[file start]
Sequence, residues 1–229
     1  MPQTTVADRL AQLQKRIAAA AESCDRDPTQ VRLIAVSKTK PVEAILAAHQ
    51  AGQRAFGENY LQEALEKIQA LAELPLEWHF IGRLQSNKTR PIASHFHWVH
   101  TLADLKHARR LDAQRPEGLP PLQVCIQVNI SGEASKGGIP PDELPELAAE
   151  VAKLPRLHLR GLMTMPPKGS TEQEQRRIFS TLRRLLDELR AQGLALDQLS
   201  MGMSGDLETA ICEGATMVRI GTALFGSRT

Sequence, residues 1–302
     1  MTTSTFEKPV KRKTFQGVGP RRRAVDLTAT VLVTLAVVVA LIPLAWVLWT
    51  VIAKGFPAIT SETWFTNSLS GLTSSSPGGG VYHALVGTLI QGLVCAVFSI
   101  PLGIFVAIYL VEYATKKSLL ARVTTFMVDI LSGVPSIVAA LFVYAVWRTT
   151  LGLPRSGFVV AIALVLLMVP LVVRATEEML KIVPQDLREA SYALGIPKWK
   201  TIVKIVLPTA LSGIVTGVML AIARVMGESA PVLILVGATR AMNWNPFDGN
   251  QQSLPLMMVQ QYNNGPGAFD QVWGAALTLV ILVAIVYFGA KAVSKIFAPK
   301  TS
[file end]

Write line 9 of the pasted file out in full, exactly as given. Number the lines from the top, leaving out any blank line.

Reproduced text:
    51  VIAKGFPAIT SETWFTNSLS GLTSSSPGGG VYHALVGTLI QGLVCAVFSI